“Currently, 1% of the funds available for climate and the environment goes to IPLCs, despite growing evidence that supporting IPLCs directly is one of the most cost-effective measures for conservation. Therefore, it is necessary to increase funds to support our strategies. We require flexibility and specific guarantees to access resources directly, that the allocation of funds prioritizes the recognition and respect for indigenous land, territories and the strengthening of governance.”
“IIFB firmly believes that for this framework to be successful and inclusive it will require further improvements, and the full and effective participation of [Indigenous Peoples and Local Communities] in the process leading up to COP 15 and beyond. [We] are looking at this process with the hope that the Global Biodiversity Framework will be truly transformative and will recognize the contributions and rights of Indigenous Peoples to protect Mother Nature.”

A Human Rights Based Approach is crucial to a successful negotiation

“A human rights based approach is crucial to a successful Global Biodiversity Framework,” said Lucy Mulenkei, Co-Chair of the IIFB. 

“Such an approach would mean that biodiversity policies, governance and management do not violate human rights, and those implementing such policies should actively seek ways to support and promote human rights in their design and implementation,” she said. 

The effective implementation of a real human-rights-based approach requires a more holistic approach than currently suggested in the draft of the framework. It requires strengthening and improvements across all aspects of the framework but especially regarding: goals, targets, monitoring framework, enabling conditions, National Biodiversity Strategies and Action Plans (NBSAPs).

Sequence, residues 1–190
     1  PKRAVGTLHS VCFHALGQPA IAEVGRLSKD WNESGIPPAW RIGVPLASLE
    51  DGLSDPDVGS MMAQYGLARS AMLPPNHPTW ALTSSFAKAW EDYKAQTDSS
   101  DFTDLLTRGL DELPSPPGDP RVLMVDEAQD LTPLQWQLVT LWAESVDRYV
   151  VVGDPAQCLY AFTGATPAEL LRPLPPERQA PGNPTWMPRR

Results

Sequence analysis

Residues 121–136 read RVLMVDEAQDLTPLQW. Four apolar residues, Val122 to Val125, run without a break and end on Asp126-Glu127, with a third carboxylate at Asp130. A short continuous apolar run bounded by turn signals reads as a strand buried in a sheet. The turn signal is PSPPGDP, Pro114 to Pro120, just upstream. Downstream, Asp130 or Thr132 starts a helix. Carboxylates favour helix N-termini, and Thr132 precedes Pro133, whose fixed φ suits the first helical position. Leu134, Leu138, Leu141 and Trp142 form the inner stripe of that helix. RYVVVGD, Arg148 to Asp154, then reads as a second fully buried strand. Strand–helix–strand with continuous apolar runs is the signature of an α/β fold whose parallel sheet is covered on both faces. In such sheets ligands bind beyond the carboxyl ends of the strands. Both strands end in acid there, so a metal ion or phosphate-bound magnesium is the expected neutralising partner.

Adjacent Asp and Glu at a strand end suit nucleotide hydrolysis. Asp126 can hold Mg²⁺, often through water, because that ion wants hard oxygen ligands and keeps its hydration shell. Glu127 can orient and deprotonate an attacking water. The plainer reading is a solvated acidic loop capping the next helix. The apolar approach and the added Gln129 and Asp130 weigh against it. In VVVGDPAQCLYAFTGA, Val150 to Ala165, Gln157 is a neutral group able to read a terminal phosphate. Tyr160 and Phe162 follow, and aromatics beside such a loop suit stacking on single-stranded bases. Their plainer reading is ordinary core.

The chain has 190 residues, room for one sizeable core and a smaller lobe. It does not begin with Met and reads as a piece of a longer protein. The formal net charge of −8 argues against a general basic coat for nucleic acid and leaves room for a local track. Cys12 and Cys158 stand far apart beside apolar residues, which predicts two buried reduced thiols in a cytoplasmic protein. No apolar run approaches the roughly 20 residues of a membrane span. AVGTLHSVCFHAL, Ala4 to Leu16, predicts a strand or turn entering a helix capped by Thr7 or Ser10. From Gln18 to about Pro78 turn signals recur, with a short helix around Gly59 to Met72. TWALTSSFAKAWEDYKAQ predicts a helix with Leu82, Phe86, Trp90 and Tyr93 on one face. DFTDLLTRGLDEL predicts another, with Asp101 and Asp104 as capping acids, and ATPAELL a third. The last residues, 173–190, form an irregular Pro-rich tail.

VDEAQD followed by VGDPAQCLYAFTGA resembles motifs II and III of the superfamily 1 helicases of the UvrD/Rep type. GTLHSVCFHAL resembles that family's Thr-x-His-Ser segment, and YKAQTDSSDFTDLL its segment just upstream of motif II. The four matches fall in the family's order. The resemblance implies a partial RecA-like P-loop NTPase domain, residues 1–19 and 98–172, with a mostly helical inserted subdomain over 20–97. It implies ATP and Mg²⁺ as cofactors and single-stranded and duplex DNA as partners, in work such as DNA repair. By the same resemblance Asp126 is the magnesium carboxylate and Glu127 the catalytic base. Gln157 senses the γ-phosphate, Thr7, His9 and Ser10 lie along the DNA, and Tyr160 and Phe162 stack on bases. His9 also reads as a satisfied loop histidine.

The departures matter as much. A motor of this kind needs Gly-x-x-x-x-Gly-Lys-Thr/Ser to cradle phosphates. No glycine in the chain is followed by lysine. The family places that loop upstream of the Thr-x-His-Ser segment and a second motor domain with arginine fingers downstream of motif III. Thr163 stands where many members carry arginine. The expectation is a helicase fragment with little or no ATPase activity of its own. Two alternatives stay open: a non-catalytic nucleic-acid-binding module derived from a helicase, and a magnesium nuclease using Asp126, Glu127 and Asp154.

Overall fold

“The future of any successful framework requires the integration of human rights across all issues - not just in environmental agreements, but more holistically, in agriculture, fisheries, tourism, and our entire ways of life,” said Mulenkei. 

A new report by the Human Rights Working Group, released this week at the Geneva meetings, stated that: Indigenous peoples’ and local communities’ ways of life and territories are part of the solution to our global crises and must be identified and supported across the framework. This must include recognition of rights over lands, territories and resources, in area-based measures, in customary sustainable use, in traditional knowledge and in full and effective participation.

In this press conference, Indigenous and Local Community representatives of the IIFB will present their views and proposals for the Post-2020 Global Biodiversity Framework.

“The UNGA adopted the UN Declaration of the Rights of Indigenous Peoples in 2007,” said Anne Nuorgam (IIFB Member, and Member of the UN Permanent Forum on Indigenous Issues). 

“We must remind the member states that this needs to be implemented in these biodiversity negotiations, and adopted as a part of the human rights based approach to the [Global Biodiversity] Framework,” she said.

The Framework will set the global agenda for the next 30 years (2020-2030 to 2050), and the participation and the respect of Indigenous Peoples rights is crucial to ensure the protection of nature by protecting rights as Indigenous Peoples.